I would like to share with you a lit bit about one of my favourite writers who is almost unknown these days to the anglophone audience. I hope that some of my French followers might have read some of the books by this remarkable author of a profound sensitivity.   Her name was Anna Langfus (1920… Read more

  • Hot Stew by Fiona Mozley | Book Review

    5th April 2021 by

    Hot Stew is the second novel by Fiona Mozley whose debut novel, Elmet was shortlisted for the 2017 Man Booker Prize. Hot Stew is a wonderful ode to London’s Soho providing a sharp social analysis of life in a modern metropolis. The book tackles the issues of gentrification, social class, stigmatisation, poverty, privilege, London’s housing… Read more

  • The Photographer at Sixteen by George Szirtes | Book Review

    5th April 2021 by

    “Displacement hits you later than you expect, just when you think you have settled down and become part of the world all over again. That is when it begins to ache, when a certain inarticulable desolation creeps in. Your body is not where your body ought to be (…). It is as if you had… Read more

  • El Excluido [‘The Excluded’] by David San Jose Martinez | Book Review

    29th March 2021 by

    El Excluido’ [‘The Excluded’] by the great Spanish writer, David San Jose Martinez. This book is a wonderful literary achievement, beautifully written with a very rich language, a veil of nostalgia and profound emotional sensitivity. It is a novel but its form – the collection of vignettes, somewhat separated, somewhat connected, is very innovative. El… Read more

  • In Other Words by Jhumpa Lahiri | Book Review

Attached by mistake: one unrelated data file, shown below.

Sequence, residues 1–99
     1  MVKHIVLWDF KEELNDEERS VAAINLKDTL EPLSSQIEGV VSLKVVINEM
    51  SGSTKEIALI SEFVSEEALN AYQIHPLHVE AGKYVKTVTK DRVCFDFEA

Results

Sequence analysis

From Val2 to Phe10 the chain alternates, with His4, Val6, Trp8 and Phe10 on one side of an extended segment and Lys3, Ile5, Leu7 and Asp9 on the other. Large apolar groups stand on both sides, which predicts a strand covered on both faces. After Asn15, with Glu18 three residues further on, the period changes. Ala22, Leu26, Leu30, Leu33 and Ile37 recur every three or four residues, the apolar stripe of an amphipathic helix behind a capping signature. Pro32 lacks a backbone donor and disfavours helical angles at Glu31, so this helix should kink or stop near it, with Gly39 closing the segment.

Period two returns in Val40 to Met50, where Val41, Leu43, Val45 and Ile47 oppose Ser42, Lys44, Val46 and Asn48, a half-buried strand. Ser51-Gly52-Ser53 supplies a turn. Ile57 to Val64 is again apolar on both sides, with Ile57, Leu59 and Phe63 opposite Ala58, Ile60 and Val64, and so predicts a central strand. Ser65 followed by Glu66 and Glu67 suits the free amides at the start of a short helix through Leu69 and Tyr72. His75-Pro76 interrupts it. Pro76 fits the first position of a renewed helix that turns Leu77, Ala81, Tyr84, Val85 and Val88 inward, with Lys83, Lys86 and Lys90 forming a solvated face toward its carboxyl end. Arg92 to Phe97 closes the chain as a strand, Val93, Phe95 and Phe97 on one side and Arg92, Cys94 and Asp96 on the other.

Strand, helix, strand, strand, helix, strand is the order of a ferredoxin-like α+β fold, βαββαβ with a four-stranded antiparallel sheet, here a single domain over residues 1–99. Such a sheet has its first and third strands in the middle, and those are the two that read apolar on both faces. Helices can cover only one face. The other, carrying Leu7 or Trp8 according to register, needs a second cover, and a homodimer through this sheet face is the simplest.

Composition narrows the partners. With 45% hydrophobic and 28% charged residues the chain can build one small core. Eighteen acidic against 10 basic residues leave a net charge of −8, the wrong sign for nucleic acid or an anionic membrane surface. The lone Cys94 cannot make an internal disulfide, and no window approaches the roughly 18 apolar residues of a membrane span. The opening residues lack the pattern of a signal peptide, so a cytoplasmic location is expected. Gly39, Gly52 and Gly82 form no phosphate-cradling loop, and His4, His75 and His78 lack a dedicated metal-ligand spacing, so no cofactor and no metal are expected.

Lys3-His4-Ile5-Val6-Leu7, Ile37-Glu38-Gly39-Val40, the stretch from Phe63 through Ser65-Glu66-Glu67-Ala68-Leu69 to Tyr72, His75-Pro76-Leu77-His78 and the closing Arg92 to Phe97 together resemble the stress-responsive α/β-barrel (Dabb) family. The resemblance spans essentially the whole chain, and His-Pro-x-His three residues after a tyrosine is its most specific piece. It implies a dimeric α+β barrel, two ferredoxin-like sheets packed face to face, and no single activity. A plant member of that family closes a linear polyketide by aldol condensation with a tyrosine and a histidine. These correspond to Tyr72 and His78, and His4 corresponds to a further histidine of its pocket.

28th March 2021 by

    “Why do I write? To investigate the mystery of existence. (…) To get closer to everything that is outside of me. (…)Writing is my only way of absorbing (…) life.”  In Other Words by Jhumpa Lahiri   constitutes an astonishingly beautiful discourse exploring the subjects of identity, the meaning of exile, belonging, cultural displacement, alienation,… Read more

  • Cockroaches by Scholastique Mukasonga | Book Review

    2nd March 2021 by

    “Nothing in Rwanda was left in me but a wound that could never be healed.”  “Humiliated, afraid, waiting day after day for what was to come, what we didn’t have a word for: genocide. And I alone preserve the memory of it. And that’s why I am writing this.”   “Where are they? Somewhere deep in… Read more

  • The Melancholic Soul of Fernando Pessoa | Reflections

    16th February 2021 by

    “Literature is the most agreeable way of ignoring life.” A few thoughts from “The Book of Disquiet” by Fernando Pessoa (1888 – 1935), a Portuguese writer who is the dearest to my heart. Fernando was a Portuguese poet, considered one of the most significant literary figures of the early 20th century, and one of the… Read more

  • Medallions by Zofia Nalkowska | Book Review

    14th February 2021 by

    Medallions by a Polish novelist and essayist, Zofia Nalkowska (1884 – 1954)  Medallions is considered the masterpiece in the world Holocaust literature, deeply influences by Nalkowska’s experience as a member of the Commission for the Investigation of Nazi War Crimes which was established in 1945. During that time, she visited Auschwitz-Birkenau, Majdanek, Treblinka and many… Read more

  • Eleanor Oliphant is Completely Fine by Gail Honeyman | Book Review

    10th February 2021 by

    “If someone asks you how you are, you are meant to say FINE. You are not meant to say that you cried yourself to sleep last night because you hadn’t spoken to another person for two consecutive days. FINE is what you say.” “Time only blunts the pain of loss. It doesn’t erase it.” “I… Read more

  • The Readers’ Room by Antoine Laurain | Book Review